A new study indicates that plants, fungi, and animals are descendants of archaea, the group of single-celled organisms that includes Sulfolobus, a resident of hot springs.

A new study indicates that plants, fungi, and animals are descendants of archaea, the group of single-celled organisms that includes Sulfolobus, a resident of hot springs.

Eye of Science/Science Source

Deep-ocean microbe is closest living relative of complex cells

Researchers have debated whether eukaryotes—the group of relatively complex organisms that includes fungi, plants, and animals—are descendants of archaea or merely their close relatives. Newly discovered archaea from the bottom of the North Atlantic Ocean suggest that eukaryotes evolved from archaea. A genomic analysis of one of the organisms, called Loki, reveals that it is the most eukaryotelike prokaryote so far discovered. The study suggests that the ancestor of eukaroytes might have had an actin cytoskeleton and rudimentary internal structures composed of membranes.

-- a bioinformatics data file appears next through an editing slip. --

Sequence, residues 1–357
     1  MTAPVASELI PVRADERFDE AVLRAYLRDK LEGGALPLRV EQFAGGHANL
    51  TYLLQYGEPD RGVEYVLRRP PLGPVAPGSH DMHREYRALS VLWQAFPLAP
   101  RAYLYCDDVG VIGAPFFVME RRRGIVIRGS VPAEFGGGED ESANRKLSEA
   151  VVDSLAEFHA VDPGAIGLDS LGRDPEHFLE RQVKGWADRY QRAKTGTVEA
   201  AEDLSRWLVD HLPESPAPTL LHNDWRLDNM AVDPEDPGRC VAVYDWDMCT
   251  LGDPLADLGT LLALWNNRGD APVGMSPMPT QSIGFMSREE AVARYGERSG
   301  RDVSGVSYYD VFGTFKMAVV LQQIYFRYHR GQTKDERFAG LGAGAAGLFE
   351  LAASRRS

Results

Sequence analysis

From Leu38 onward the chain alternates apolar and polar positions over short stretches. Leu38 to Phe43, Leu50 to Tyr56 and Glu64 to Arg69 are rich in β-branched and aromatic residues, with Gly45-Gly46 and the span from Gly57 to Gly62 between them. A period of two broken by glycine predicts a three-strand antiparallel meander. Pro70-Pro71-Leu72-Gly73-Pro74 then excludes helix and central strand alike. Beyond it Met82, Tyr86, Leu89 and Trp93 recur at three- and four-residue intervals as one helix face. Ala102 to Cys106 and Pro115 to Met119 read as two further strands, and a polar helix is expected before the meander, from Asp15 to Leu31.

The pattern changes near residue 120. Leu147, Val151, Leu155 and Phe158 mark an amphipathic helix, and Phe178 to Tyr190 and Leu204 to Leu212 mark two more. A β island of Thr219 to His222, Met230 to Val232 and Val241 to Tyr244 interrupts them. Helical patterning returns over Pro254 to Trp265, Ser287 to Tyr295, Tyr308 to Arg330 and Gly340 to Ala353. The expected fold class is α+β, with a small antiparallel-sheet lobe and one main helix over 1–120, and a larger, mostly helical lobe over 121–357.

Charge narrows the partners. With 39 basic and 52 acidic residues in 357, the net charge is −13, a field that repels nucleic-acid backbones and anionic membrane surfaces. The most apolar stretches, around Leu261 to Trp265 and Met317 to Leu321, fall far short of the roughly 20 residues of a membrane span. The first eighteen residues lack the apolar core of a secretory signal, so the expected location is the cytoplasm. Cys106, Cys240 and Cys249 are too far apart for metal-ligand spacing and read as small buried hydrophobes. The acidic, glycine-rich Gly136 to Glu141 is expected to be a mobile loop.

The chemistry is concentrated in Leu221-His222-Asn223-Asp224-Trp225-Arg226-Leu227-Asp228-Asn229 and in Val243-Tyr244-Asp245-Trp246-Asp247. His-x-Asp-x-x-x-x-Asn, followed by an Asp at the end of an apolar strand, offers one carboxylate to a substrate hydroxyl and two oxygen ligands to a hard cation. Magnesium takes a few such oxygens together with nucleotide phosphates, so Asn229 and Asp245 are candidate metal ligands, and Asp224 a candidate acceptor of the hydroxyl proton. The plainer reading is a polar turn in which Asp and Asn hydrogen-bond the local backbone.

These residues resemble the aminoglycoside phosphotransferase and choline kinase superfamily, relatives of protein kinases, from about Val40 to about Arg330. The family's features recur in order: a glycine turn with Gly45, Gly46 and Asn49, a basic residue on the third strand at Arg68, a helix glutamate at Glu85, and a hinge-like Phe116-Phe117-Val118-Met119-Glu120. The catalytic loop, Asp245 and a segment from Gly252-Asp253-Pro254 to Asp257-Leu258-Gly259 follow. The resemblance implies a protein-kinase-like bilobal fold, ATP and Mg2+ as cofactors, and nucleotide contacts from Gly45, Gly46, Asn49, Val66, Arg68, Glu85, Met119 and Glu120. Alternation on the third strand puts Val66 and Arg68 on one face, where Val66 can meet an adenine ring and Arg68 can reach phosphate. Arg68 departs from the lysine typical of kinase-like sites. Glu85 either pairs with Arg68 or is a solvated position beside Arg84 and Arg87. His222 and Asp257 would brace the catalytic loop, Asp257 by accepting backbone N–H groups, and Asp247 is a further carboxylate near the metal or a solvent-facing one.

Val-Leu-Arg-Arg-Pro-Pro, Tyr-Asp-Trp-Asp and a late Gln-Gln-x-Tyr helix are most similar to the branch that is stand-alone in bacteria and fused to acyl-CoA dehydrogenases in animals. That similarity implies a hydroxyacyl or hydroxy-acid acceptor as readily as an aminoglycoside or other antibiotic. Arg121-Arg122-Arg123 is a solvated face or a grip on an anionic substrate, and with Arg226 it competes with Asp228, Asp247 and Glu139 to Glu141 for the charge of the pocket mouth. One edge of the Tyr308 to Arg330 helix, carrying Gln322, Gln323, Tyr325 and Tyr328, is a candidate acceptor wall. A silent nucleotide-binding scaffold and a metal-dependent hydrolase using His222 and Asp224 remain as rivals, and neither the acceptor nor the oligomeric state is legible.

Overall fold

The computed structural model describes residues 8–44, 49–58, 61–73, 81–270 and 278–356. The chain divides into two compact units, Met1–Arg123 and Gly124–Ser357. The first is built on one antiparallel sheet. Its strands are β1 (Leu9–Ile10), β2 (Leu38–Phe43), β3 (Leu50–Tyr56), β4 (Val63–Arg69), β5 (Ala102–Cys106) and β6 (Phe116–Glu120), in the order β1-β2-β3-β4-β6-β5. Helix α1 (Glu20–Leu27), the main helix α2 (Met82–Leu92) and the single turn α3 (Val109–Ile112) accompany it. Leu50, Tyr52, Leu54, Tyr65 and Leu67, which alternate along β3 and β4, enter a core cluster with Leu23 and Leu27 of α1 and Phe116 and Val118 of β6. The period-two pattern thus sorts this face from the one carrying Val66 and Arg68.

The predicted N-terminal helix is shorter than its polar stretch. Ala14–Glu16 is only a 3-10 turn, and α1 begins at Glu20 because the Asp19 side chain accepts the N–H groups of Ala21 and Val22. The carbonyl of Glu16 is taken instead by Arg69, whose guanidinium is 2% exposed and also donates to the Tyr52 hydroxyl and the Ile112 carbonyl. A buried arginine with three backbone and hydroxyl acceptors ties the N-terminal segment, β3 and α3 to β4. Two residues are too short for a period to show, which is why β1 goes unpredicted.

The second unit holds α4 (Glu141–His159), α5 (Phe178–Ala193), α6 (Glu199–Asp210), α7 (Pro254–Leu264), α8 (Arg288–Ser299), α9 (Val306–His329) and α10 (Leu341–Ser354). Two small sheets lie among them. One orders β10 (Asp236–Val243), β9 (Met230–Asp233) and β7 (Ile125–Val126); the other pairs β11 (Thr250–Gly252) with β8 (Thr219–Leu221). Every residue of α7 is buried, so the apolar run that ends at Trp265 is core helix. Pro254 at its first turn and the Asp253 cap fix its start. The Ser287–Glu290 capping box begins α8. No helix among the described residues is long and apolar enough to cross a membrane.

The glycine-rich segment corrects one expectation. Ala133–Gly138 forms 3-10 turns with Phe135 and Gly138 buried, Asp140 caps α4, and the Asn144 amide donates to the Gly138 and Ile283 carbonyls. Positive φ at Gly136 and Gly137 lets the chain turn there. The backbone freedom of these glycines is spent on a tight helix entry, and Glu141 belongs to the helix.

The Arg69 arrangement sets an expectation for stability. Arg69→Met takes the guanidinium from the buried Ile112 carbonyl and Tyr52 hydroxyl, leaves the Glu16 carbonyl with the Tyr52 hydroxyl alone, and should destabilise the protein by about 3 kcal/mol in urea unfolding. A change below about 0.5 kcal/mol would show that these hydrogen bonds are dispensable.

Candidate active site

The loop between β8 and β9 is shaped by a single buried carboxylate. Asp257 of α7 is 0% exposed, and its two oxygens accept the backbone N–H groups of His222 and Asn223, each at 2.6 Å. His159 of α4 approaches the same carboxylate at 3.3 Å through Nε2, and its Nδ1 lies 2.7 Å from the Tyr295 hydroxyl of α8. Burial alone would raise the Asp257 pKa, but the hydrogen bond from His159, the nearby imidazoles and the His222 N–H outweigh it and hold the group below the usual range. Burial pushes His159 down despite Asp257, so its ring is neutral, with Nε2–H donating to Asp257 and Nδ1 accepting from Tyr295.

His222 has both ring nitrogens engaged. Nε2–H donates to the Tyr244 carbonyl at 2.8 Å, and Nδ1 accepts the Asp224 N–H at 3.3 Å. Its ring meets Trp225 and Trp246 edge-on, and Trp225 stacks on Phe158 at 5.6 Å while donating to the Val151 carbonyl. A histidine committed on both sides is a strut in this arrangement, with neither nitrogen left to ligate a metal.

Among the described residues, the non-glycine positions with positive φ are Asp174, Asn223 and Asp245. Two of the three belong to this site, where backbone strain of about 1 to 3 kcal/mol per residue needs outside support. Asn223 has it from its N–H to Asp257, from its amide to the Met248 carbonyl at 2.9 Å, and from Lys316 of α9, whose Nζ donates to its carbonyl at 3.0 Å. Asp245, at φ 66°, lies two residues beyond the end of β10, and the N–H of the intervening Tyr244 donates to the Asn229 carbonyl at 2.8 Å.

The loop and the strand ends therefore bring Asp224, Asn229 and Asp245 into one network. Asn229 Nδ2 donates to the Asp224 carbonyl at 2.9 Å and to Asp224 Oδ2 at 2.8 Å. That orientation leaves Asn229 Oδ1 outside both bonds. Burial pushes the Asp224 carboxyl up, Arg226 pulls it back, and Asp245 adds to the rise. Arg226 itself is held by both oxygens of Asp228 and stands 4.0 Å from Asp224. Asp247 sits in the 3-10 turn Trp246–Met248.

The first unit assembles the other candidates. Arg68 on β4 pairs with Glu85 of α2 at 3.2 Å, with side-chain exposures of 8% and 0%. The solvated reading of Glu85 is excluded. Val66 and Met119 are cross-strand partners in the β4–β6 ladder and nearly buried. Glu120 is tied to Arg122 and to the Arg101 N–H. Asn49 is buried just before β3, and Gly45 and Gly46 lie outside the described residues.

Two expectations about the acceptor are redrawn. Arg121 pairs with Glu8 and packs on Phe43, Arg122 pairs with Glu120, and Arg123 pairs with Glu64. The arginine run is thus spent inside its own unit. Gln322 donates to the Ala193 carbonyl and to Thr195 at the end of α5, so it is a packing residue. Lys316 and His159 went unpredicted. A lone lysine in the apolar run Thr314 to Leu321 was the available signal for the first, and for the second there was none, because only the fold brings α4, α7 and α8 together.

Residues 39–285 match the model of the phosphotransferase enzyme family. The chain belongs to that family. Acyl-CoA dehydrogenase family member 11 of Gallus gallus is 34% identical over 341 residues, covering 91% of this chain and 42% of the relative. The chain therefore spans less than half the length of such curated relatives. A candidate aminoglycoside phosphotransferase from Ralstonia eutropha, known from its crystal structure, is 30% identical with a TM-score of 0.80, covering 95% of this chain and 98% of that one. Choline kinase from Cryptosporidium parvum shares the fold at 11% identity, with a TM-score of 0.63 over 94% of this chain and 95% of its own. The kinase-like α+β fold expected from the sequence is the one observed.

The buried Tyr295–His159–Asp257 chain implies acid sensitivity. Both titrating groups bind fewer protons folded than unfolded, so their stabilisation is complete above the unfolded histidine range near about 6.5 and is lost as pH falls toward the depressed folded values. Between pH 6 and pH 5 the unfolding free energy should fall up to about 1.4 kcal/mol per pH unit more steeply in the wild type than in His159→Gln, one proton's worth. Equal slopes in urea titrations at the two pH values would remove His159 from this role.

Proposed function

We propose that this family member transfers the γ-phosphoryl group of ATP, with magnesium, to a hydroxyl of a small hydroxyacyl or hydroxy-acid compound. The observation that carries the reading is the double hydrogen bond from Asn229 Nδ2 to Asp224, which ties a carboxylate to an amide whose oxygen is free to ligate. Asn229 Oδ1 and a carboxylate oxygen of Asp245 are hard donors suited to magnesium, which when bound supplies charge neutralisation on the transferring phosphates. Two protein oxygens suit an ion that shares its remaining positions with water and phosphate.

To read the full story, see the 8 May issue of Science.